Chemical analysis moves on
By Julian South - 11 June 2013
Recent developments in techniques under the broad umbrella of chemical analysis have allowed us to investigate and solve problems that were previously difficult to understand. The ability to detect analytes at very low levels has brought to light potential problems that we might not even have known about. We carry out many of these new analyses at Campden BRI.
The application of fourier transform infra-red analysis spectroscopy enables us to confirm the identity of many materials. It is based on the interaction of infra-red light with chemical bonds in the material being studied, such as C–O, C–H or C–N. Illumination of a molecule will produce a spectrum of peaks, and each peak can be related to a particular type of bond. Individual spectra thus provide a 'fingerprint' of individual molecules, which can be used in the identification of incoming raw materials, determination of contamination, including deliberate adulteration (e.g. palm oil addition to virgin olive oil), and quality issues (such as sugar/acid ratio in tomatoes), as well as to identify the chemical composition of foreign bodies.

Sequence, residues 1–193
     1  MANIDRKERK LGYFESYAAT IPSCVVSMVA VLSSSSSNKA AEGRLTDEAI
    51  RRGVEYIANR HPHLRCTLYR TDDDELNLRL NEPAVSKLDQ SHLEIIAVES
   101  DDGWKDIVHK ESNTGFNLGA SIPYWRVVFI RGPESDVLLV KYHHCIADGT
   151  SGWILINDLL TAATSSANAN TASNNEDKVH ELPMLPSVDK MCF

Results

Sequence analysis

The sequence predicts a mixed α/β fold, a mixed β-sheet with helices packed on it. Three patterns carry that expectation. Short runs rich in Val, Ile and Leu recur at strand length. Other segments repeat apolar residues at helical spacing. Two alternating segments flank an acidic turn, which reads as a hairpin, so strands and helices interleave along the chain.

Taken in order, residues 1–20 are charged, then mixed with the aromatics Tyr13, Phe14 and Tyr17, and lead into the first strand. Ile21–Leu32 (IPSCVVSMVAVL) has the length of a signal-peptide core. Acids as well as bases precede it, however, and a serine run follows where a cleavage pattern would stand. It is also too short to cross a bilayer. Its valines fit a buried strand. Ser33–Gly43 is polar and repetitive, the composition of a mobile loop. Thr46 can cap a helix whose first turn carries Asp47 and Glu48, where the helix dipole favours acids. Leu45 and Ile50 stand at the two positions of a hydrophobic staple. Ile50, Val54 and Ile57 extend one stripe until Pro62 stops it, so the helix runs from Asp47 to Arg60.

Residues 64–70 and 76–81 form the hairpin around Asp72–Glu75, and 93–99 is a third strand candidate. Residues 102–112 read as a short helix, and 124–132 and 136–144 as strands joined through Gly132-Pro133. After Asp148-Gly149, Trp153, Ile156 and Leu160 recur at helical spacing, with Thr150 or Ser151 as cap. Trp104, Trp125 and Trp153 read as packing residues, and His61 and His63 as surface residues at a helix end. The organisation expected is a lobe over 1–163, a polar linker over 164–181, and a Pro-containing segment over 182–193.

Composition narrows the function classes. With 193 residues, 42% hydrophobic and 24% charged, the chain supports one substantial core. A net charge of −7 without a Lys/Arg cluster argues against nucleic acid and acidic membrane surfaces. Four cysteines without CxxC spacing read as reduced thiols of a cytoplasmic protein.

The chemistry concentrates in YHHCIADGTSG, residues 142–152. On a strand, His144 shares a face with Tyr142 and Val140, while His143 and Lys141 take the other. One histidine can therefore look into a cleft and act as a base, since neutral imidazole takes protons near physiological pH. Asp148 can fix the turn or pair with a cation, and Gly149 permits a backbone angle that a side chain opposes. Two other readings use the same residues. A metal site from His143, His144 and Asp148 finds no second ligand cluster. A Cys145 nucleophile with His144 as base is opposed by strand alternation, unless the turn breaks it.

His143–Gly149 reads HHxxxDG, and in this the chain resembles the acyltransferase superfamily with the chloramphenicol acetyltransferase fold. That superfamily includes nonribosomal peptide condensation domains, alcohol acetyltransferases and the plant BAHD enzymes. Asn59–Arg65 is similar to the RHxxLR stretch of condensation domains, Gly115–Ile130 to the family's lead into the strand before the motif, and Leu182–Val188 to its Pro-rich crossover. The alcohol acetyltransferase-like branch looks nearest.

X–ray microanalysis is used to determine the elemental composition of a material. It can be used to identify the type of glass found as a foreign object in food. Combining this with a scanning electron microscope means that variations in the elemental distribution can be visualised , such as the distribution of salt and calcium phosphate crystals in cheddar cheese.
Mass spectrometry has been used in combination with gas or liquid chromatography to identify organic compounds for many years, by analysis of the fragmentation patterns of the ionised compounds. More detailed and accurate information can now be gathered by adding a second mass spectrometry step to give 'tandem mass spectrometry' and this is used to give exceptionally sensitive detection of chemical contaminants such as pesticides and mycotoxins.
Inductively coupled plasma optical emission spectrometry (ICP–OES) is used for the detection of trace metals. The inductively coupled plasma results in the emission of electromagnetic radiation at wavelengths characteristic of a particular element. The intensity of this emission is indicative of the concentration of the element within the sample. We have recently installed a new state–of–the–art machine, enabling us to improve our portfolio of trace metal analysis services.
Find out more about our Food analysis and testing activities.